Implantable Medical Devices (IMDs) are battery-powered devices that are implanted in the human body and which employ local (electric) stimulation to treat a wide range of medical conditions. IMDs have, for example, been used to suppress chronic pain through spinal cord stimulation or to regulate cardiac contractions using artificial pacemakers. Modern IMDs are commonly equipped with a wireless transceiver that facilitates wireless data exchange with an external (handheld) device. This wireless connectivity can, among others, be used to improve the longevity of an IMD through software maintenance, facilitates long-term patient monitoring and enables the customization of a patient's treatment to his or her needs. By simply adding wireless connectivity to an IMD, however, it also becomes possible for malicious entities to abuse this connectivity by, for example, stealing private patient data or, worse, halt treatment. It is, therefore, essential that the communication with an IMD is secured, commonly facilitated by secret keys that are only known to trusted entities. That is, anyone who does not own a secret key cannot communicate with the IMD. There are, however, situations in which a previously untrusted entity should have access to an IMD, as patient safety outweighs device security. For example, paramedics likely do not have access to a secret key for security reasons, yet, should always be able to access an IMD in case of emergency to expedite their diagnosis. In this thesis, I first discuss a novel seizure-detection algorithm that may be used by IMDs for the treatment of epilepsy and describe how such an IMD could benefit from wireless data exchange. I subsequently discuss how we secure an IMD assuming that trusted entities have access to a secret key, based on a heterogeneous system-on-chip architecture and a lightweight security protocol. Finally, I describe how we facilitate emergency access without compromising device security using dynamic cardiac biometrics (person- and time-unique biometric identifiers that are derived from the patient's own heartbeats) to generate a non-usable, entity-bound security key.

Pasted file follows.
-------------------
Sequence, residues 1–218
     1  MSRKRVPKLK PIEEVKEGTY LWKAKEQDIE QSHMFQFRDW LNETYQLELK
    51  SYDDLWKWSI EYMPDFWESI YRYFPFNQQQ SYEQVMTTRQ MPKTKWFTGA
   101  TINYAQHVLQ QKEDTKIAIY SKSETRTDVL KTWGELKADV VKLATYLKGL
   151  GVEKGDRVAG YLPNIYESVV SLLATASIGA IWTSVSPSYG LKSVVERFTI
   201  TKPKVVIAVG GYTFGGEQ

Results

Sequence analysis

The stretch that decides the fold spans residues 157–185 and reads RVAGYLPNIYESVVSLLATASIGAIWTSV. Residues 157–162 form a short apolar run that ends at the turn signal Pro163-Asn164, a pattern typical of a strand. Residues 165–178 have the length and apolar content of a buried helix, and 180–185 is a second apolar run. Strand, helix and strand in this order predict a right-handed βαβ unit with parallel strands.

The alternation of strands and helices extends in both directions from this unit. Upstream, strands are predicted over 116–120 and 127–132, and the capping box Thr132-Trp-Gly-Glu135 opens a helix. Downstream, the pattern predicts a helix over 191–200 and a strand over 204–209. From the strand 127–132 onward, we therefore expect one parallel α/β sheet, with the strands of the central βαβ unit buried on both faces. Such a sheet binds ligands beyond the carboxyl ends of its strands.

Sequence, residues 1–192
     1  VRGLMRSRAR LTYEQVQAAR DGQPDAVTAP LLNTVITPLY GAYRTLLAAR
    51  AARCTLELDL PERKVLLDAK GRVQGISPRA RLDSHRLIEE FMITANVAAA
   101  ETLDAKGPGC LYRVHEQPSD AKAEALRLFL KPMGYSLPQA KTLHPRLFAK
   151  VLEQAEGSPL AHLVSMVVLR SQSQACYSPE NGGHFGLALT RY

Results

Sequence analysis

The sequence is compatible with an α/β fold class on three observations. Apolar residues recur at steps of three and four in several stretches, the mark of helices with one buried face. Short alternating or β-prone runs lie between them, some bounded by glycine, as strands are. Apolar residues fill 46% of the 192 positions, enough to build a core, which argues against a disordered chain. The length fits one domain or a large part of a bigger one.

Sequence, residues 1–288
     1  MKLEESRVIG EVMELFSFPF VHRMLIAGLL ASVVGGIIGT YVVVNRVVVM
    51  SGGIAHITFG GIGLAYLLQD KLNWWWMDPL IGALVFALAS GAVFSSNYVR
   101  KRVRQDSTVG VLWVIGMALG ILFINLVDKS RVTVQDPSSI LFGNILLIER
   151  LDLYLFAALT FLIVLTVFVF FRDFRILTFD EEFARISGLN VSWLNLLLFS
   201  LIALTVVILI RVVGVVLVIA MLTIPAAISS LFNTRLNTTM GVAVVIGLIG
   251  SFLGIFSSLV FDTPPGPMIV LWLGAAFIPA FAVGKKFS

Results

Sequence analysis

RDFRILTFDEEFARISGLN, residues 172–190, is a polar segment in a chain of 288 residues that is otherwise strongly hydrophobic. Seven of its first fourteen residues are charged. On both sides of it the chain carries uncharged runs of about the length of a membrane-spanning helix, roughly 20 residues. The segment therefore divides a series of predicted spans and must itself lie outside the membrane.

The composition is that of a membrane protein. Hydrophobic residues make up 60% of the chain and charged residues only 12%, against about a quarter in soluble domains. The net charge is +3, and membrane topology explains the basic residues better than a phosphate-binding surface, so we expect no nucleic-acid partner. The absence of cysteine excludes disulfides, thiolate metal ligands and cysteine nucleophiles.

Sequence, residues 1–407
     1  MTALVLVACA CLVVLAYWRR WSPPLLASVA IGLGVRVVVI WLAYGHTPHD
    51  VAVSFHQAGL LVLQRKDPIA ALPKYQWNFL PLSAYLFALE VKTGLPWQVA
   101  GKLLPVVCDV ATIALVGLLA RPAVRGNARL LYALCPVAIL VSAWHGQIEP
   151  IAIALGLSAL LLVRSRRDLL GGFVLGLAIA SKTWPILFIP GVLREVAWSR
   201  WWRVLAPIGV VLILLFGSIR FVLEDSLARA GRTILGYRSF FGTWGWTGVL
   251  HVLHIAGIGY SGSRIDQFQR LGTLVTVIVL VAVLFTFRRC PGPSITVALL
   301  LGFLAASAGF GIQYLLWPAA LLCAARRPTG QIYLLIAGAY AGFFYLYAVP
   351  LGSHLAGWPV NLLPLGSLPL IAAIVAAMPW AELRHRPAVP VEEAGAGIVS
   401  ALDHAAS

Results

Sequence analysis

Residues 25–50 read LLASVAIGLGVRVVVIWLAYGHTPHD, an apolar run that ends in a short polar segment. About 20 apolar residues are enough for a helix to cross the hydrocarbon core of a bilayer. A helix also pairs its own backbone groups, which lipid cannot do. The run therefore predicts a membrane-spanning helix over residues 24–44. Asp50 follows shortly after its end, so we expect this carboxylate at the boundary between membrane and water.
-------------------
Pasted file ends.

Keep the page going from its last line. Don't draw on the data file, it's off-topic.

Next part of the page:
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C.I. de Zeeuw (Chris) , C. Strydis (Christos) , I. Sourdis (Ioannis)
Erasmus University Rotterdam
Department of Neuroscience

Seepers, R. (2016, December 13). Implantable Medical Devices : Device security and emergency access. Retrieved from